O’Brien has landed the race a record-equalling six times via Giant’s Causeway (2000), Duke of Marmalade (2008), Rip Van Winkle (2010), Declaration Of War (2013), Australia (2014), Japan (2019).

This time, he relies on outstanding mare Magical, whose six Group 1 triumphs include back-to-back victories on QIPCO British Champions Day at Ascot in October. Her connections toyed with retiring the daughter of Galileo at the end of last season but the decision to keep her in training has already been rewarded with two more wins at the highest level this term, most recently in the Tattersalls Gold Cup at The Curragh.

The past two winners of QIPCO 2000 Guineas to win the Juddmonte International have been two greats of the turf in Sea The Stars (2009) and Frankel (2012). The latter memorably did so as a four-year-old on the penultimate start of his mesmerising career.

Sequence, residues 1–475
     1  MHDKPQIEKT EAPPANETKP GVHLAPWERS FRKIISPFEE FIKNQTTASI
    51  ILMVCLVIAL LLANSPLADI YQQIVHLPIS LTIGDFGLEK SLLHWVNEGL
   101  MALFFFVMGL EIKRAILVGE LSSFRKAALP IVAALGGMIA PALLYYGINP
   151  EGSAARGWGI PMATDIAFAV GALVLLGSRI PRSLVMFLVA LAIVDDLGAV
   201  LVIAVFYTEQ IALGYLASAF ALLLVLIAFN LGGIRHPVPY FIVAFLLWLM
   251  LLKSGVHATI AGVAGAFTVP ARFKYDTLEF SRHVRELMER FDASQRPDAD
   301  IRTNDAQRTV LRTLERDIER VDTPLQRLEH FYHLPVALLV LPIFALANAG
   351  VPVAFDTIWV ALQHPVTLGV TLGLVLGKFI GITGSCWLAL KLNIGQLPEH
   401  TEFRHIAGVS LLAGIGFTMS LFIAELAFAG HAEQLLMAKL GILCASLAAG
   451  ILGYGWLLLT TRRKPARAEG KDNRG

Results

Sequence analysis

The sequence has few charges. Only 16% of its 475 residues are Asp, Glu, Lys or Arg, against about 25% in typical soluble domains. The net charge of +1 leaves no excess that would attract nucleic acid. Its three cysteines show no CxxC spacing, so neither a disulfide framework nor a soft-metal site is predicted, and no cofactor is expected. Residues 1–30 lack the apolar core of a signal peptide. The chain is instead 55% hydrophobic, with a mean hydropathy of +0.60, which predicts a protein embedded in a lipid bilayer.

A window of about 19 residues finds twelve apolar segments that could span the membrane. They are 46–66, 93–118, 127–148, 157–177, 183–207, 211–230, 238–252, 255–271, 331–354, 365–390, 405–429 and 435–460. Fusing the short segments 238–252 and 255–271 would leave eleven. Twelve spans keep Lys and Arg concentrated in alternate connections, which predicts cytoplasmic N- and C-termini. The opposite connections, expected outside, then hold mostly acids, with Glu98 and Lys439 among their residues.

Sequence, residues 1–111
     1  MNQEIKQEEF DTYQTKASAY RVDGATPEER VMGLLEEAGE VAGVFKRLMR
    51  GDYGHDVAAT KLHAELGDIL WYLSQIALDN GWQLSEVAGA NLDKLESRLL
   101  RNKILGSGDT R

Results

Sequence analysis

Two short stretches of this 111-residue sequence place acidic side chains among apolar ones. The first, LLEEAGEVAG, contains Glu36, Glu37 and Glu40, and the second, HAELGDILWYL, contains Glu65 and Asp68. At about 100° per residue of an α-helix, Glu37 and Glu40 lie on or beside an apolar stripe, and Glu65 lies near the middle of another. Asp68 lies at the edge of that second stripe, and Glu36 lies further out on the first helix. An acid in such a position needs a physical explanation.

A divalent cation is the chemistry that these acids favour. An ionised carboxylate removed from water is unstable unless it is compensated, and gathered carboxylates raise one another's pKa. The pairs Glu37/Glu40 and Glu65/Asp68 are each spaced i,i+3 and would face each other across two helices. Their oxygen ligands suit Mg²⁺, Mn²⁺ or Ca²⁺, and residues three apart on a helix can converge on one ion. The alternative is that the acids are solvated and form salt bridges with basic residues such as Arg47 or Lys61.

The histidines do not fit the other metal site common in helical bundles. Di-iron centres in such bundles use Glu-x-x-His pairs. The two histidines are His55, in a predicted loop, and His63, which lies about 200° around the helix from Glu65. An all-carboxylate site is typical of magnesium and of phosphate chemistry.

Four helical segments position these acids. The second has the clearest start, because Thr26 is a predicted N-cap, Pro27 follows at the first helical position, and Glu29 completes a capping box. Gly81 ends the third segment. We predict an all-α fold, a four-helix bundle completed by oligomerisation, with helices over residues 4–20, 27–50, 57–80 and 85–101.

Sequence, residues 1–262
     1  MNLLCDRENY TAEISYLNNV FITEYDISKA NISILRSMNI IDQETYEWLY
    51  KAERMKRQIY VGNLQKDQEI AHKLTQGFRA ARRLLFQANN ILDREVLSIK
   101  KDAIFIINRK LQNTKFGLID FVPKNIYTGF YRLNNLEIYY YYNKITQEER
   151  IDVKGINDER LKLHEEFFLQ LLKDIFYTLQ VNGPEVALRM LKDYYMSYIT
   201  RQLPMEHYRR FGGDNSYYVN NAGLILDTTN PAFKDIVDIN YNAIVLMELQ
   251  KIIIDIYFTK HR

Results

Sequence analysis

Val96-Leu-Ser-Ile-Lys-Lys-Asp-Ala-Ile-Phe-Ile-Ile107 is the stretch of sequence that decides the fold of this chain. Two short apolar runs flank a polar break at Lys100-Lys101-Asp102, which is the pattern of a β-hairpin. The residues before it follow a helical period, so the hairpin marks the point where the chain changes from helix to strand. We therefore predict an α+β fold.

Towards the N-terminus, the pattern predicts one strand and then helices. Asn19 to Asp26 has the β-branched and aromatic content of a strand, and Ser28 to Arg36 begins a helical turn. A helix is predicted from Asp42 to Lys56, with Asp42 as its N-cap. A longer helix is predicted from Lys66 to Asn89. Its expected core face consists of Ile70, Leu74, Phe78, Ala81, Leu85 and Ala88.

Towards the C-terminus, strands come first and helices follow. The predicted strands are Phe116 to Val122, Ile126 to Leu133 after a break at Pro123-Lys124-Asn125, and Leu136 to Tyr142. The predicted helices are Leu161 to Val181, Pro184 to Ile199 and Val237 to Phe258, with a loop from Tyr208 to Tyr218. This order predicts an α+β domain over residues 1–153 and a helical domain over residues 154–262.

Kameko has the chance to emulate them, having not enjoyed the rub of the green when fourth in the Qatar Sussex Stakes at Goodwood on his latest start. He also filled the same position in the Investec Derby. Andrew Balding has been happy with his preparation and is looking forward to running him over a mile and a quarter for the first time.

The colours of Qatar Racing, the owners of Kameko, were carried to victory by Roaring Lion two years ago and that colt’s trainer, John Gosden, is this time represented by Lord North. Winner of the Cambridgeshire at Newmarket last season, he took his form to a new level when pouncing from off the pace to thump his rivals in the Prince of Wales’s Stakes last time.

The last Cambridgeshire winner to develop into an International Stakes hero was the Gosden-trained Halling, who won in 1995 and 1996.

Rose Of Kildare, purchased for only €3,000 as a yearling, completes the line-up. She is dismissed as an outsider but has shown herself to be a tremendous buy, being a triple Group 3 winner. Another three-year-old filly, Arabian Queen, belied odds of 50/1 when getting the better of the odds-on Golden Horn in 2015.

Article: QIPCO British Champions Series. Photo: Ian Yates www.eyewhy.co.uk